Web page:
Why the Bristol Wood Recycling Project is so important

For much of the day I spent with the BWRP, I had an ongoing conversation with the man in charge, Kaleb. Starting off with me explaining quite what the archaeological interest is in an organisation like that one, we moved quickly on to the wider contexts of the place, some that it creates and some that constrain it.


The BWRP as an organisation is very aware of the important role it plays between wood and people. They help developers, construction firms and so on achieve certain levels of sustainability by having contract with them to take their waste wood. Then, they add to the value of that green waste disposal by putting as much of the wood as possible back into circulation, either through making items for sale of for allowing people to buy or take wood to re-purpose themselves. In the contemporary city, this makes it really important. When the over-arching narratives of any place are based around urban development, economics and tourism, organisations like Bristol Wood Recycling Project represent the counter-narrative, people getting by rather than doing what they are more commonly expected to do.

But there is also the precarious nature of the kind of organisation. The BWRP survives in its location on the good will of the city council a private landlord (Bristol City Council were the landlords before they sold the site about 7 years ago), who allow they to pay a very low rent. Inherent in these kinds of relationships though is the certainty of the future sale or development of the site. BWRP occupies premises on otherwise unused land, next to a prime development site and overlooked by Bristol Temple Meads train station so, sadly, it’s probably a matter of when rather than if the land is required for development. It is in these situations that we see a direct clash between the less well-known, sustainable ways of living and the more obvious, yet occasionally somewhat questionable big corporate developments.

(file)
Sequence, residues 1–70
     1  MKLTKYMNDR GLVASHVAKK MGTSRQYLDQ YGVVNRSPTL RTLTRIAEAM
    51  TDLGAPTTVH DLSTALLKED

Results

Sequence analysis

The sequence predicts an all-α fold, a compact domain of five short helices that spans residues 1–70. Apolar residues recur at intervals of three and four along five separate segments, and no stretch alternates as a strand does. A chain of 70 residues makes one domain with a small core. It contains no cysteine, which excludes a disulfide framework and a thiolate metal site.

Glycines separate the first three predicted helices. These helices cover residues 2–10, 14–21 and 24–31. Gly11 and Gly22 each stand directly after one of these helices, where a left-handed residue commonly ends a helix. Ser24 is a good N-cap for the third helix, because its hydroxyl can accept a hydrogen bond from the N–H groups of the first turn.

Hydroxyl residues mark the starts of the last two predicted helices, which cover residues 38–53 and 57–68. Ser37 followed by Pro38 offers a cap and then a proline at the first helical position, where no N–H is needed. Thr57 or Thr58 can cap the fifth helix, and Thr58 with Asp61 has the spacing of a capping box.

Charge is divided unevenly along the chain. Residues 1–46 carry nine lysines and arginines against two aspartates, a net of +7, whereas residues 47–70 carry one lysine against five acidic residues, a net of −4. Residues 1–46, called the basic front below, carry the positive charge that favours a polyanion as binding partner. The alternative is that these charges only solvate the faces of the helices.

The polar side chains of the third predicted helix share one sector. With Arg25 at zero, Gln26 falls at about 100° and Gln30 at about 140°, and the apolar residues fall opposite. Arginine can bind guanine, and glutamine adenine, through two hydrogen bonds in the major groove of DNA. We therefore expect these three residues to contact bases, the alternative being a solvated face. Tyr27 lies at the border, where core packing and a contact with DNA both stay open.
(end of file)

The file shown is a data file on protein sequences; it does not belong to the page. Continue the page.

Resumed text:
The archaeology around these issues is complex. We can follow the material, but it takes us quickly to the politics and the politics of that material is often quite difficult. Bringing public archaeology and engagement into the investigation of something as seemingly simple as the movement of wood (or bricks or lampposts) around a city doesn’t just teach us more about how people live their lives than more distant kinds of archaeological investigation, it starts conversations that can bring people to different perspectives on their own (practical-) political situations.


Bristol Wood Recycling Project is an example of how Bristol works and it potentially being moved on in the future is an example of how it doesn’t. You’ll have to take my word for it that the clash between central efforts at development and these more sustainable counter-narratives is one of key characteristics of the last 100 years of development in Bristol. Whether it’s the ‘slum’ clearances in the 1920s and the movement of city centre dwellers into new suburbs, or the rejection of pleas to rebuild after the Blitz in favour of building Broadmead shopping centre, or the only half-finished attempt at implementing Modernist infrastructure in the 1960s and 70s, or the St Pauls Riot with its roots in the disruption by development of an established community, or the birth of the People’s Republic of Stokes Croft in 2007 the face of the £500 000 000 Cabot Circus, or the riots of 2011, you don’t have to do much digging to see what ties together all of these major points in Bristol’s history.

The archaeology of this phenomenon really has to be a joint venture between archaeologists and the people living it. This look at the Bristol Wood Recycling Project has been very brief, but I hope people can see in it the potential for development of a distinct kind of public archaeology taking the contemporary relationships between people and material as the catalyst of an archaeological engagement with politics and activism.

It’s the BWRP’s 11th birthday tomorrow. Congratulations!, many happy returns.

**This post was revised on 3 May 2015 to correct an error in naming the city council as the BWRP’s landlord. They are in fact the former landlord and sold the site some years ago.


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